We find artists, design exhibits, run a gift shop, experiment with technology within the SL environment, do marketing outreach to attract visitors, and join up with other museum and gallery owners to compare notes, cross-promote and give each other support.
Current exhibits are “‘Bots, Bugs & Beasts: The Art of Joshua Ellingson”, “From Teapot to Robot: The Sculpture of Clayton Bailey”, “‘Robots and Donuts: The Art of Eric Joyner”, and ‘Celebrity Robots Hall of Fame’, featuring famous robots of film and television.
Best robot movie? This question was the source of much discussion – determined by movie era? What’s a robot? Based on script or action? Robot as star or sidekick? Good robots or bad robots?
We were on the verge of over-thinking the entire topic, so we decided to stop with these, and narrowing it down to two is the best we could do – but it’s a consensus answer:
The Terminator (the original)
Best popular culture robot reference? We see robots everywhere – it’s all one big pop culture reference to us – so it’s kinda hard to be objective. Having said that, the most-quoted robot line in this household is by Robby the Robot from Forbidden Planet, “That is correct, Sir”. It covers a lot of territory, depending on delivery.
Your favorite robot?
Vicki: Acrobot. He’s a toy robot from the 1960’s, about a foot tall and stands on his head or feet. He makes me laugh every time and I cannot explain the attraction.
Richard: It’s like trying to pick your favorite child but if pressed, Robby for a movie robot and Answer Game Machine for a toy robot. Don’t tell the other robots I said that.
You live in America and like Formula One? Do tell…. It’s what happens when a Los Angeles-born surfer girl who’s always loved cars (cruising in lowriders on Whittier Blvd, weekends at the drag races) marries a Canadian F1 fan. Married, in fact, in a classic car museum on a Memorial Day weekend, celebrating our anniversary at the Indy 500 a number of times.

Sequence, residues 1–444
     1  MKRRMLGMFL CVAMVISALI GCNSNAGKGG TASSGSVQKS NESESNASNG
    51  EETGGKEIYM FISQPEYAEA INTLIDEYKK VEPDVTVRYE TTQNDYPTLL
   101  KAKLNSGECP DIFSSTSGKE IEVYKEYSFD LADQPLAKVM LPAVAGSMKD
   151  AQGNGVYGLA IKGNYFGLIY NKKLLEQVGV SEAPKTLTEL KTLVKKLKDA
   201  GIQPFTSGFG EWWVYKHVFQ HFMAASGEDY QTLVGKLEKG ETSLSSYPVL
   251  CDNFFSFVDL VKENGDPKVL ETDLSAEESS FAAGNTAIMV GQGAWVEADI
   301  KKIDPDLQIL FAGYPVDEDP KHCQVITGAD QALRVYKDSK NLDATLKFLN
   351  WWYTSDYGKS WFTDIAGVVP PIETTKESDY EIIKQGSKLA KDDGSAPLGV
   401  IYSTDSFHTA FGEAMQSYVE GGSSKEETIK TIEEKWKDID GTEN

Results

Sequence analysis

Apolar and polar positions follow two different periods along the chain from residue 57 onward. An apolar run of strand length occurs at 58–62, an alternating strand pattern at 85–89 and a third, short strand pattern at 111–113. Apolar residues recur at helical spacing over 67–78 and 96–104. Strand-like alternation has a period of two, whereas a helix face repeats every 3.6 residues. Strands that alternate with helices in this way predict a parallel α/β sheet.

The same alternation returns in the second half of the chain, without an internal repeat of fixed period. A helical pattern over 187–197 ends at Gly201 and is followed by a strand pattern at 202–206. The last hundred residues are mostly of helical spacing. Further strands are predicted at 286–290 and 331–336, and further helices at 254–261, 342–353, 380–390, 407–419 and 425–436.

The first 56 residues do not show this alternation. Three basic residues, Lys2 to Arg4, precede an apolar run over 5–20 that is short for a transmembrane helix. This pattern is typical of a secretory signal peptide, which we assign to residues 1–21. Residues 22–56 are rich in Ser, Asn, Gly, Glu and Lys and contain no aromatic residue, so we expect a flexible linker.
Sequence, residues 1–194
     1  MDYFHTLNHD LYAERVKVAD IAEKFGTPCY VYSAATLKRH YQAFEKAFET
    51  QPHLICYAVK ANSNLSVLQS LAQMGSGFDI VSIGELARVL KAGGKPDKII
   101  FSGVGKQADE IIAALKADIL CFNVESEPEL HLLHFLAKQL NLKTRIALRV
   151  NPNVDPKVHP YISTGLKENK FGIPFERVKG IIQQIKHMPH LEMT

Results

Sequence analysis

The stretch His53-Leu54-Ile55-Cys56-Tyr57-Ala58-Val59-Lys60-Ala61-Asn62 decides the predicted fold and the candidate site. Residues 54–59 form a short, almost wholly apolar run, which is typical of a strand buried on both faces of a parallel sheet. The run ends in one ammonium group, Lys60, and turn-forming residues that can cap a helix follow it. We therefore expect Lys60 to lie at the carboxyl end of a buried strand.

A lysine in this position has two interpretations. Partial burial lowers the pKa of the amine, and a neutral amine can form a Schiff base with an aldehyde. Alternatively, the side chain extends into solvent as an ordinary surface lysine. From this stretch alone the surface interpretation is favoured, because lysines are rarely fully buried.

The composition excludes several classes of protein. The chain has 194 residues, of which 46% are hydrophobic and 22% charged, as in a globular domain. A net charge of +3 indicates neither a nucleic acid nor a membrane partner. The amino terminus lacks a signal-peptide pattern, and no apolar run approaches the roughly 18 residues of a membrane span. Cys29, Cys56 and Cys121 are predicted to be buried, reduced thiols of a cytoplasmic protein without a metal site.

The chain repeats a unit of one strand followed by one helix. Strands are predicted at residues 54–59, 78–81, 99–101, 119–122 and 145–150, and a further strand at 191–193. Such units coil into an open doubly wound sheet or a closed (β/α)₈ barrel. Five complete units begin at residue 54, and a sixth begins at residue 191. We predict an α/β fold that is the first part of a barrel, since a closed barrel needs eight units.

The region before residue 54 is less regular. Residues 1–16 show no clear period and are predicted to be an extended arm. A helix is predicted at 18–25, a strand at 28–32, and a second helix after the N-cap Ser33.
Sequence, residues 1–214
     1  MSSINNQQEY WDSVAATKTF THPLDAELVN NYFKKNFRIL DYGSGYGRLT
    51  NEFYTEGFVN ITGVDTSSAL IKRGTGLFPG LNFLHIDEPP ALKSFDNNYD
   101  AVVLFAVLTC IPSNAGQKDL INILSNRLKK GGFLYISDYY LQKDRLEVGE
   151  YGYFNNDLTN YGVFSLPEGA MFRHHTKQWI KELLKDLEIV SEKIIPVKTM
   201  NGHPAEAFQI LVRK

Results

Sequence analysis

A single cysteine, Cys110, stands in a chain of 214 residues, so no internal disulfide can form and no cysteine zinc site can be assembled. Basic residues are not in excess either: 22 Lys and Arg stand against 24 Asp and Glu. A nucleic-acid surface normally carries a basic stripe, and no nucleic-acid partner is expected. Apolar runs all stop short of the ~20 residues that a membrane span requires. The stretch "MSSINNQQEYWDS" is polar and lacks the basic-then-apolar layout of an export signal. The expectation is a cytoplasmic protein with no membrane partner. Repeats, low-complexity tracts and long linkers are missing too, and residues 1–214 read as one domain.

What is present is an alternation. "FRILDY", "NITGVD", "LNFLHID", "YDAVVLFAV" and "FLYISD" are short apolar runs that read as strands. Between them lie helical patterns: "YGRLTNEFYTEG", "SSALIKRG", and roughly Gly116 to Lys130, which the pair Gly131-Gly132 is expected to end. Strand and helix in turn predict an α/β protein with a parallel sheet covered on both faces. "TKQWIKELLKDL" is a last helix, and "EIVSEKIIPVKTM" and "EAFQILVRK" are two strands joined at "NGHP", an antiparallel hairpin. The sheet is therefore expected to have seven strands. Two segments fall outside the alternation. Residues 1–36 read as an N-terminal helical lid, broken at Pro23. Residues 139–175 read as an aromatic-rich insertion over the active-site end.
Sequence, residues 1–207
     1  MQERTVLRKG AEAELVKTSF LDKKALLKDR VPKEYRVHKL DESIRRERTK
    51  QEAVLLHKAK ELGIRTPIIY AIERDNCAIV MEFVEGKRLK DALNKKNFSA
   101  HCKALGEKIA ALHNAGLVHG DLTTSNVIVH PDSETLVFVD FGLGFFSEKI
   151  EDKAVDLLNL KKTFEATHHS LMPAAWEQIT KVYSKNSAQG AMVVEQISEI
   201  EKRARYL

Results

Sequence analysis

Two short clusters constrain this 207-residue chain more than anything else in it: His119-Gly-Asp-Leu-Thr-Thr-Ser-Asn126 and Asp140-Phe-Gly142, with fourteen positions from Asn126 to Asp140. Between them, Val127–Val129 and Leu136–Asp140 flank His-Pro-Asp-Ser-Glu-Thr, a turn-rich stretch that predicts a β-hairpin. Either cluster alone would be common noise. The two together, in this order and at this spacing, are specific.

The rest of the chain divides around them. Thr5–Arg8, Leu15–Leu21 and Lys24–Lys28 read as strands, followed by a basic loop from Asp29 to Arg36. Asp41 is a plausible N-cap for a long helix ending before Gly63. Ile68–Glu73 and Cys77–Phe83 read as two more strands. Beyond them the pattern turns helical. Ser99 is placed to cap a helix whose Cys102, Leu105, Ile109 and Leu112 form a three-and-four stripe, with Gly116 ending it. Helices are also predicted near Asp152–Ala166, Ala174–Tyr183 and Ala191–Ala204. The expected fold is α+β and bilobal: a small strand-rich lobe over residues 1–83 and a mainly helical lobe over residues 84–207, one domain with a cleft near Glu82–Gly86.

F1? Nothing beats the drama, sounds and emotion of F1 – and that’s before a wheel ever turns on a track. The locations, the politics, the scandal, the speed, the glamour, and sometimes even the racing, are an incredible blend of entertainment, sports, design, technology, human drama and skill. Although sometimes it is a little lonely being an F1 fan in the States!
Can you tell me about your houseware line? Any new projects on the horizon? The housewares line…the defining principal is that the products are functional and should also have a sense of humor. When you’re called Museum of Robots it’s important not to take yourself too seriously.
The signature piece is our Flying Saucer Bowl, and we sell a lot of Rocket Salt & Pepper sets. Yes – it’s thematic. We also like to experiment with translating industrial materials so we have a line of PET Felt bags made from 100% post-consumer recycled plastic bottles; felt fabric and the products are made in the USA, and the fabric’s original use is the automotive industry.
We’re adding recycled aluminum pieces, working hard on making more products in the US, and the felt fabric is always a source of new ideas. We introduce a range of new pieces every six months so we’re always in development.
Aisle or window seat?
Vicki: aisle. Which means when we travel together he takes the aisle and I take the window. Pick your battles.
If you could ask yourself any question, what would it be? And what’s the answer?
Q: Are we there yet?
A: I hope not.
What’s next for you? “Walter’s Kitchen Nook”. It’s a scripted series filmed entirely in Second Life, and is the story of Walter Sparks and his show “Walter’s Kitchen Nook”: he’s half-human, half-robot, intergalactically famous and ready to share his household style secrets.
The series will consist of 5-minute webisodes, with an overall storyline about Walter – he shares his household secrets, and has a few secrets of his own. Yes – it’s a hybrid-robot soap opera. We hope to have sponsors for each of the episodes and the sponsor’s product will be interwoven into the narrative, so the series is not an infomercial but an integration of sponsor messages into the action: Walter will interview a product each week, for example. It’s a return to the ‘commercial sponsor’ approach that was popular in the early days of TV and is popular again – we’ve taken product placement and worked it into the story. For the pilot we’re using the Museum of Robots Flying Saucer Bowl as a product Walter uses to solve a household dilemma.
Here’s the trailer –
It all circles back to our belief that the best online content hews to the same criteria that offline content does – good storytelling. In this particular case it’s literal, but there is a lot of creative leeway in how to tell a story and we hope we live to be 200 so we can see what people come up with.